Initially, the idea of the upgradeable smart contract can seem contradictory with the immutability of smart contract. It is however not necessarily the case as Openzeppelin discussed in this blog article.

How does smart contract upgradeability work?

Each smart contract contains 2 parts, the bytecode that contains the execution logic and the memory that can be accessed and modified by transactions. This distinction is important, particularly when considering the different calling mechanisms proposed by the EVM. Similarly to transactions sent by simple wallet, which can trigger the execution of a smart contract, smart contracts can also send transaction trigger further execution. In addition to calls, that are similar to the one performed by wallets, smart contracts can also perform delegatecall and staticcall. Understanding the difference between call, delegatecall, and staticcall is essential to understanding how upgradeability works.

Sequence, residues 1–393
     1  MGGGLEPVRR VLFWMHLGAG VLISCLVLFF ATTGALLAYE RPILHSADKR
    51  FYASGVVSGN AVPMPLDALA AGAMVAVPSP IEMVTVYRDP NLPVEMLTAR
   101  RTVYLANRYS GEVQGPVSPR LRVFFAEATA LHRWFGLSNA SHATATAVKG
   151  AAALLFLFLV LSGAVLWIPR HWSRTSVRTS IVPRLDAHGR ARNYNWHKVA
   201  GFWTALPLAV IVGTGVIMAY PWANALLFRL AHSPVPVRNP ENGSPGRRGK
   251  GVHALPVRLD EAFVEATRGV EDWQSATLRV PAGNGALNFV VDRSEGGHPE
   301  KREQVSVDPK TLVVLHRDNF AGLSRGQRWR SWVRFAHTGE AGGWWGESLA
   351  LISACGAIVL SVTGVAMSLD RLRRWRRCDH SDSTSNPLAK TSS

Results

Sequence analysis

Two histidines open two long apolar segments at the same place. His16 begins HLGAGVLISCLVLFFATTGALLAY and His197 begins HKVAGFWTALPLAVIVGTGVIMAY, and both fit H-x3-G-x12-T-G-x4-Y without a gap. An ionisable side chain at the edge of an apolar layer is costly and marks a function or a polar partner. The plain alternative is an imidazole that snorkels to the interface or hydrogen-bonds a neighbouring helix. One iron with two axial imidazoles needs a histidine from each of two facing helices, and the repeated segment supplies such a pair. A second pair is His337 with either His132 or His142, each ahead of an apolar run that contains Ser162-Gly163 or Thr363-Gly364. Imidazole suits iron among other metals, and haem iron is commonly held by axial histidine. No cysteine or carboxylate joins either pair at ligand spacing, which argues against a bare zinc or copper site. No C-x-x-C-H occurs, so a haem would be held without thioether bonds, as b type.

• Call: When a smart contract performs a call, the execution context changed to the targeted address. The bytecode of the targeted address is executed using the memory of a targeted address. This call can read from and write to the memory of the targeted address using the logic of the targeted address. It is a read-write call.
  • Staticcall: A staticcall is similar to a call, with the only difference being that a staticcall internal transaction cannot modify the memory of the targeted address. It is a read-only call.
  • Delegatecall: When a smart contract performs a delegate call, the bytecode of the targeted address is executed using the memory of the caller. This allows a contract to authorize another contract’s logic to act on its own memory space (thus the name delegatecall). The memory of the targeted address cannot be accessed/modified by this kind of call. it is an on place read-write call that uses an external logic.